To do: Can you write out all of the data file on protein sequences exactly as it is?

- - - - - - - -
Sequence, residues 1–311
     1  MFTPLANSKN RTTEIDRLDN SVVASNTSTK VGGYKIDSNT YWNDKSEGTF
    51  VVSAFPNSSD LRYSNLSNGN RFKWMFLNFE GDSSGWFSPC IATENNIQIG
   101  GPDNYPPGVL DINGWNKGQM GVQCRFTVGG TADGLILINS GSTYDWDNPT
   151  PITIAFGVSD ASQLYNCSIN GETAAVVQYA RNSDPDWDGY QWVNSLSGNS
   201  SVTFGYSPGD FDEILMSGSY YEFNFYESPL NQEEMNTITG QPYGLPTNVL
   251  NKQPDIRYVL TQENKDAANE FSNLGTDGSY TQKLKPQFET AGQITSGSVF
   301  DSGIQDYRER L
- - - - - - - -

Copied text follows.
Sequence, residues 1–311
     1  MFTPLANSKN RTTEIDRLDN SVVASNTSTK VGGYKIDSNT YWNDKSEGTF
    51  VVSAFPNSSD LRYSNLSNGN RFKWMFLNFE GDSSGWFSPC IATENNIQIG
   101  GPDNYPPGVL DINGWNKGQM GVQCRFTVGG TADGLILINS GSTYDWDNPT
   151  PITIAFGVSD ASQLYNCSIN GETAAVVQYA RNSDPDWDGY QWVNSLSGNS
   201  SVTFGYSPGD FDEILMSGSY YEFNFYESPL NQEEMNTITG QPYGLPTNVL
   251  NKQPDIRYVL TQENKDAANE FSNLGTDGSY TQKLKPQFET AGQITSGSVF
   301  DSGIQDYRER L